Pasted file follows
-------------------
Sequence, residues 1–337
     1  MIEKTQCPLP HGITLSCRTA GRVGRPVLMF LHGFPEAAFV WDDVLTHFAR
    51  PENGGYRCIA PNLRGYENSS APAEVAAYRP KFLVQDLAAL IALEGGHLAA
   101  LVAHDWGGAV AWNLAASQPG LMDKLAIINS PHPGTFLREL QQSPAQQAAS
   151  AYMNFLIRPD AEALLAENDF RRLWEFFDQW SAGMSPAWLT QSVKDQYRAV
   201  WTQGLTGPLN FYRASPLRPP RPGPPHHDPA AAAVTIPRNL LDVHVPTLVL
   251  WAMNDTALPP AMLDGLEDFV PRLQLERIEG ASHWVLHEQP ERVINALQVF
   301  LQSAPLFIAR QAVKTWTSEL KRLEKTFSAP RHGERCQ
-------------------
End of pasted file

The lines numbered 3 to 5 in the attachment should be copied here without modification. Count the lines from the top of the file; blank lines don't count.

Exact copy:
    51  PENGGYRCIA PNLRGYENSS APAEVAAYRP KFLVQDLAAL IALEGGHLAA
   101  LVAHDWGGAV AWNLAASQPG LMDKLAIINS PHPGTFLREL QQSPAQQAAS
   151  AYMNFLIRPD AEALLAENDF RRLWEFFDQW SAGMSPAWLT QSVKDQYRAV